Leviticus is a book about how the people of Israel should WORSHIP. It’s a balance of offerings and feasts, with the reminder that God’s provision for sinful humanity is the blood atonement.
Leviticus 17:11; 20:7–8
A football kicker misses the winning kick. A basketball misses a crucial free throw. A baseball player makes an error that allows the winning run. What do we do? We make scapegoats out of them. A scapegoat is simply something or someone we blame. This word actually has it’s origins in the Bible, specifically in Leviticus 16. The scapegoat was part of God’s instructions for the Israelites during the Day of Atonement.
The high priest would offer sacrifices for his sin and the sins of the nation. The priest would cast lots between two goats, one to be a sacrifice and the other to be the scapegoat. The first goat was slaughtered for the sins of the people and its blood used to cleanse the altar, tent of meeting and the Most Holy Place. After the cleansing, the second goat was brought to the priest. He would lay his hands on the scapegoat and confess over it all the sinfulness of the Israelites and put them on the goat’s head. He would then release the goat into the wilderness. Symbolically, the scapegoat took on the sins of the people and removed the sin from them. This, of course, was a clear foreshadowing of Jesus Christ.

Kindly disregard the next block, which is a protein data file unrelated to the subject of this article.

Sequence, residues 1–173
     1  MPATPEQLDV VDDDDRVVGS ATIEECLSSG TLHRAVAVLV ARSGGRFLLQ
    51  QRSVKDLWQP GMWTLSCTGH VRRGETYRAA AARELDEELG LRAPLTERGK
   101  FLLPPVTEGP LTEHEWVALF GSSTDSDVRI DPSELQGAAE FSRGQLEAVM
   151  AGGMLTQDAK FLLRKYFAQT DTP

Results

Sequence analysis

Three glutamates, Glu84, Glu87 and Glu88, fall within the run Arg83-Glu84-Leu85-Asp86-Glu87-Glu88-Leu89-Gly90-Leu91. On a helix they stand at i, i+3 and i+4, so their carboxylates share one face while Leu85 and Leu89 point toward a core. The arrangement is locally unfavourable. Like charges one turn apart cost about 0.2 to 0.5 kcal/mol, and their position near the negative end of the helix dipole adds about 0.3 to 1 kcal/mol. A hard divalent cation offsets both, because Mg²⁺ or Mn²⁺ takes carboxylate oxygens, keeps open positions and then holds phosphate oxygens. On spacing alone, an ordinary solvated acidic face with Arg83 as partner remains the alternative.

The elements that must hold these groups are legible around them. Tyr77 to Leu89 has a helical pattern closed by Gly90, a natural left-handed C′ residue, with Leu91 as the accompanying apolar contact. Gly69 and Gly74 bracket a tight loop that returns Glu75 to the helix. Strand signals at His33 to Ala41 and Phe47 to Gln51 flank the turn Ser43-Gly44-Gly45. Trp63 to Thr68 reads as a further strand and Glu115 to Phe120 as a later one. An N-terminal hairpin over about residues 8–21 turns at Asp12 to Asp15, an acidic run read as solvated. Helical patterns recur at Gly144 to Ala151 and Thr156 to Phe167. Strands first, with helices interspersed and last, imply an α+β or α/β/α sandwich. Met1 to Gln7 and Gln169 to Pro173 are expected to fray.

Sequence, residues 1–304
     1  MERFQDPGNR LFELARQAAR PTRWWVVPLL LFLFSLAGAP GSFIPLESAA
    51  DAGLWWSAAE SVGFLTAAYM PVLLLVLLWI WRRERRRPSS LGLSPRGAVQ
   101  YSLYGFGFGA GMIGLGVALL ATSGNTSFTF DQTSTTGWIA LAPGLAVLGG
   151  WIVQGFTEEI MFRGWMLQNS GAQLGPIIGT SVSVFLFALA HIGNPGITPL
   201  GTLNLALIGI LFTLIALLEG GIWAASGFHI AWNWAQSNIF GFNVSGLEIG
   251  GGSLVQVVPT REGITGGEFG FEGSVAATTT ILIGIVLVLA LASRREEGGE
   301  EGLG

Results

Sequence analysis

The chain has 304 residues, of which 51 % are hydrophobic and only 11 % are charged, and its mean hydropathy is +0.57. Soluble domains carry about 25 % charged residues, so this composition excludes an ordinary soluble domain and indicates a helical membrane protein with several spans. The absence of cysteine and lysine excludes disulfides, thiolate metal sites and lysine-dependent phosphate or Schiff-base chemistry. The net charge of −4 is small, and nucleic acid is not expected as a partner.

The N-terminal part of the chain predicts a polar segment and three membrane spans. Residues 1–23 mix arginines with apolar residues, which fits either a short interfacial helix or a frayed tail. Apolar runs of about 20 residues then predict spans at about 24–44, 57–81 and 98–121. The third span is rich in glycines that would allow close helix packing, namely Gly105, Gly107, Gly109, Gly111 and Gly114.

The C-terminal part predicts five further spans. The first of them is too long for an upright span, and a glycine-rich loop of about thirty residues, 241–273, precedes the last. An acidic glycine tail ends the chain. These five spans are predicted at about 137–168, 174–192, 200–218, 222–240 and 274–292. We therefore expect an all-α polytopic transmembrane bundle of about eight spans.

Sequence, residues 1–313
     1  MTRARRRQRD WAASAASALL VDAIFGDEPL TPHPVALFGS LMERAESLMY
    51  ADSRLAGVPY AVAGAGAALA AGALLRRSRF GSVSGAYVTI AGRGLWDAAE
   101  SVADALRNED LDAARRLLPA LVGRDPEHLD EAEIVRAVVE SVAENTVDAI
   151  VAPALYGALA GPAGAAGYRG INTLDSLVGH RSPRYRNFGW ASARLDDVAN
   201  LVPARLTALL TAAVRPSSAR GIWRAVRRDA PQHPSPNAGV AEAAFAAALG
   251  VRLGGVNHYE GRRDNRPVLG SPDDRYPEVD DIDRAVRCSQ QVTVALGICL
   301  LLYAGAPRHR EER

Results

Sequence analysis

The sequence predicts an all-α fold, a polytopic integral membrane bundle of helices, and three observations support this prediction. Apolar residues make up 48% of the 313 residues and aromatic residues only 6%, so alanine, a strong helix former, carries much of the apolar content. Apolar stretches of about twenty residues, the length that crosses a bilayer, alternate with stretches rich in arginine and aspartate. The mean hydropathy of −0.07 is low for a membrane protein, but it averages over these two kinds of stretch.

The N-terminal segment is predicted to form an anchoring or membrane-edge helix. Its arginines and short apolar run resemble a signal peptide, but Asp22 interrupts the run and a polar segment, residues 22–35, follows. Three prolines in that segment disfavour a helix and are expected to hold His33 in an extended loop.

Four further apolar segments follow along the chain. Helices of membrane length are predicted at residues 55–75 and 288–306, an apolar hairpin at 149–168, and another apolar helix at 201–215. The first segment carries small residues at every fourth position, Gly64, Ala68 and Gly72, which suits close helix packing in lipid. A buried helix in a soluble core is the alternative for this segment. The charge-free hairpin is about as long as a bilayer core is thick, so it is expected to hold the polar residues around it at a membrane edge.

The Apostle Paul sums up the idea of Jesus being our scapegoat in 2 Corinthians 5:21… “God made Him who had no sin to be sin for us, so that in Him we might become the righteousness of God.” The Old Testament Law is a great help for us in enriching the meaning of who Jesus is and what He’s done for us. Hebrews 10:1 tells us… “The Law is only a shadow of the good things that are coming- not the realities themselves.” How incredibly blessed we are as New Covenant Christians not to have to look ahead for a Savior to come; we get to experience the affects of a Savior who has already come. We have experienced the reality!
We have to be careful not to look for scapegoats in our lives. To blame others for our failures and mistakes. Adam and Eve blamed others in the Garden (Genesis 3). So did Aaron in the wilderness (Exodus 32). It’s human nature to do so. But we don’t have to, because our Savior became the scapegoat. He took the “blame” upon Himself, even though He was sinless. There is no longer any condemnation for sin (Romans 8:1). We do need to confess our sins and bring them before the Father who will forgive and forget (when we come in genuine repentance). And here’s the encouraging thing… Our Savior the scapegoat, isn’t wandering in the desert somewhere like the Old Testament goats. He’s at the right hand of God interceding for us. And He’s no goat, He’s our God!
- Are there any ways that you have been blame shifting?
- Are there any sins that you need to lay at the altar of the Savior, our “Scapegoat” this week?
- How can you celebration your sins being forgiven this week?